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Items: 9

1.

Xeroderma pigmentosum

Xeroderma pigmentosum (XP) is characterized by: Sun sensitivity (severe sunburn with blistering, persistent erythema on minimal sun exposure in ~60% of affected individuals, and marked freckle-like pigmentation of the face before age 2 years in most affected individuals); Ocular involvement (photophobia, keratitis, atrophy of the skin of the lids); Greatly increased risk of cutaneous neoplasms (basal cell carcinoma, squamous cell carcinoma, melanoma). Approximately 25% of affected individuals have neurologic manifestations (acquired microcephaly, diminished or absent deep tendon stretch reflexes, progressive sensorineural hearing loss, and progressive cognitive impairment). The most common causes of death are skin cancer, neurologic degeneration, and internal cancer. The median age at death in persons with XP with neurodegeneration (29 years) was found to be younger than that in persons with XP without neurodegeneration (37 years). [from GeneReviews]

MedGen UID:
21943
Concept ID:
C0043346
Congenital Abnormality
2.

BIDS brittle hair-impaired intellect-decreased fertility-short stature syndrome

Trichothiodystrophy, which is commonly called TTD, is a rare inherited condition that affects many parts of the body. The hallmark of this condition is brittle hair that is sparse and easily broken. Tests show that the hair is lacking sulfur, an element that normally gives hair its strength.The signs and symptoms of trichothiodystrophy vary widely. Mild cases may involve only the hair. More severe cases also cause delayed development, significant intellectual disability, and recurrent infections; severely affected individuals may survive only into infancy or early childhood.Mothers of children with trichothiodystrophy may experience problems during pregnancy including pregnancy-induced high blood pressure (preeclampsia) and a related condition called HELLP syndrome that can damage the liver. Babies with trichothiodystrophy are at increased risk of premature birth, low birth weight, and slow growth.Most affected children have short stature compared to others their age. Intellectual disability and delayed development are common, although most affected individuals are highly social with an outgoing and engaging personality. Some have brain abnormalities that can be seen with imaging tests. Trichothiodystrophy is also associated with recurrent infections, particularly respiratory infections, which can be life-threatening. Other features of trichothiodystrophy can include dry, scaly skin (ichthyosis); abnormalities of the fingernails and toenails; clouding of the lens in both eyes from birth (congenital cataracts); poor coordination; and skeletal abnormalities.About half of all people with trichothiodystrophy have a photosensitive form of the disorder, which causes them to be extremely sensitive to ultraviolet (UV) rays from sunlight. They develop a severe sunburn after spending just a few minutes in the sun. However, for reasons that are unclear, they do not develop other sun-related problems such as excessive freckling of the skin or an increased risk of skin cancer. Many people with trichothiodystrophy report that they do not sweat.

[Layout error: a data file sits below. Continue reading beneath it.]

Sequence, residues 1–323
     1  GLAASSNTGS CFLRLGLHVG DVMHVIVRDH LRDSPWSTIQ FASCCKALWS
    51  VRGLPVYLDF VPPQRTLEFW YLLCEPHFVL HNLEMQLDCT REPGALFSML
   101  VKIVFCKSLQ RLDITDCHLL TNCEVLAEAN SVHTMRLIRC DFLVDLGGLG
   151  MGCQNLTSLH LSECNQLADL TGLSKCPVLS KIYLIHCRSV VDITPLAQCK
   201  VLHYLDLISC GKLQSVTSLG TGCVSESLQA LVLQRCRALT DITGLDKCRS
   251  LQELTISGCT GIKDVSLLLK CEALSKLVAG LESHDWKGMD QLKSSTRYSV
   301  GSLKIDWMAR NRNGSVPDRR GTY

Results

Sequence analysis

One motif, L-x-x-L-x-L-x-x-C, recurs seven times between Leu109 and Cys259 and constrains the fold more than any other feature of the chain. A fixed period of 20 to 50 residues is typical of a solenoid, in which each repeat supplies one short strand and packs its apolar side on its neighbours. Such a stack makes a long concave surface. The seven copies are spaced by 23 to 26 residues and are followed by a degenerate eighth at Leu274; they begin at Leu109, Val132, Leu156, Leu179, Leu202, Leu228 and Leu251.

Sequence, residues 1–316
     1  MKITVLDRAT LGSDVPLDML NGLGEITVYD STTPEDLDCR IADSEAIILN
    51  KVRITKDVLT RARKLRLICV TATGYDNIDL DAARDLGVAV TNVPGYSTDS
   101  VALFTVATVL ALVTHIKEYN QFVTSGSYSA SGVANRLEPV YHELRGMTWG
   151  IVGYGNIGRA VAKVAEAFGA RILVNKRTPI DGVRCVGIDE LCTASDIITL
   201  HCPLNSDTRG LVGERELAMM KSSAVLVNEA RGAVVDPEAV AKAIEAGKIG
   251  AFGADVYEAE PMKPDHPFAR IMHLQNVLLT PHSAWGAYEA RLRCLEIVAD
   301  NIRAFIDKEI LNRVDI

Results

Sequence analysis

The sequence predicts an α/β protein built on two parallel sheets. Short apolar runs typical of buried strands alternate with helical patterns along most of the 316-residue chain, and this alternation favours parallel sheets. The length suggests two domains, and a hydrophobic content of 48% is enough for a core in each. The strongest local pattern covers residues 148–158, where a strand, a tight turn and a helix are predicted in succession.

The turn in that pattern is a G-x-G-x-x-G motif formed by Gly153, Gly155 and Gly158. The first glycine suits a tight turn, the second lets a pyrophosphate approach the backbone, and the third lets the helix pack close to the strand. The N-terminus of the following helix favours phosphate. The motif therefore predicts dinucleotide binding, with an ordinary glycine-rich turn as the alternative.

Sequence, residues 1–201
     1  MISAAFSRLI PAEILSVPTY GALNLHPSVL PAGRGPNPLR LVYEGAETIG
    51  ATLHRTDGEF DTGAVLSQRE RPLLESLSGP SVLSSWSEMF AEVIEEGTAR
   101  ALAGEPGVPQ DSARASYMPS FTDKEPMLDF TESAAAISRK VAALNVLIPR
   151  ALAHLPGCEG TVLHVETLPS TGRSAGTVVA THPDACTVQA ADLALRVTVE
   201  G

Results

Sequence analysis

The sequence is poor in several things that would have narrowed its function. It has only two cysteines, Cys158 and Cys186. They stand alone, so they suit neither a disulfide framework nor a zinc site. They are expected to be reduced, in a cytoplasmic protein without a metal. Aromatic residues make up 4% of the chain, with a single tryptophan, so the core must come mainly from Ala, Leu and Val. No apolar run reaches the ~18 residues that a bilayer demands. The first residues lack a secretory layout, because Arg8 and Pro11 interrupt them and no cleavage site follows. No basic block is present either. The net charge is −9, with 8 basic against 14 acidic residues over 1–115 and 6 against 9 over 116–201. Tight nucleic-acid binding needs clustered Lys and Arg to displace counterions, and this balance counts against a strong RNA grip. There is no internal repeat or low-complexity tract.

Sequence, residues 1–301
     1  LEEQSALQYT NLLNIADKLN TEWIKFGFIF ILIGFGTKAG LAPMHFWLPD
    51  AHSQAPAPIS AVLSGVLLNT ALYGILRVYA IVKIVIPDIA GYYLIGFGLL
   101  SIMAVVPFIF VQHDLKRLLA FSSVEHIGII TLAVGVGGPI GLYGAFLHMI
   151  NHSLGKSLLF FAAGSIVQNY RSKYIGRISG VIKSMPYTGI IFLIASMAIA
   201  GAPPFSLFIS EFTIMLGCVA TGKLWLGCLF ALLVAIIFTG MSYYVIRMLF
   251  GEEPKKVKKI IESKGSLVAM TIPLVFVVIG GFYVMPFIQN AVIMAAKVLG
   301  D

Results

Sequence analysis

[from GHR]

MedGen UID:
149256
Concept ID:
C0740342
Disease or Syndrome
3.

progressive

MedGen UID:
851455
Concept ID:
CN232553
Finding
4.

Neoplasm of the skin

A tumor (abnormal growth of tissue) of the skin. [from HPO]

MedGen UID:
428780
Concept ID:
CN007095
Finding
5.

Cutaneous photosensitivity

An increased sensitivity of the skin to light. Photosensitivity may result in a rash upon exposure to the sun (which is known as photodermatosis). Photosensitivity can be diagnosed by phototests in which light is shone on small areas of skin. [from HPO]

MedGen UID:
428240
Concept ID:
CN000929
Finding
6.

Photosensitivity

increased sensitivity of the skin to light and other sources of UV [from CHV]

MedGen UID:
87601
Concept ID:
C0349506
Finding; Pathologic Function
7.

Inborn genetic diseases

Diseases that are caused by genetic mutations present during embryo or fetal development, although they may be observed later in life. The mutations may be inherited from a parent's genome or they may be acquired in utero. [from MeSH]

MedGen UID:
181981
Concept ID:
C0950123
Disease or Syndrome
8.

Metabolic disease

Metabolism is the process your body uses to get or make energy from the food you eat. Food is made up of proteins, carbohydrates, and fats. Chemicals in your digestive system break the food parts down into sugars and acids, your body's fuel. Your body can use this fuel right away, or it can store the energy in your body tissues, such as your liver, muscles, and body fat. A metabolic disorder occurs when abnormal chemical reactions in your body disrupt this process. When this happens, you might have too much of some substances or too little of other ones that you need to stay healthy. . You can develop a metabolic disorder when some organs, such as your liver or pancreas, become diseased or do not function normally. Diabetes is an example. .  [from MedlinePlus]

MedGen UID:
44376
Concept ID:
C0025517
Disease or Syndrome
9.

Abnormality of the skin

An abnormality of the skin. [from HPO]

MedGen UID:
11449
Concept ID:
C0037268
Disease or Syndrome; Finding
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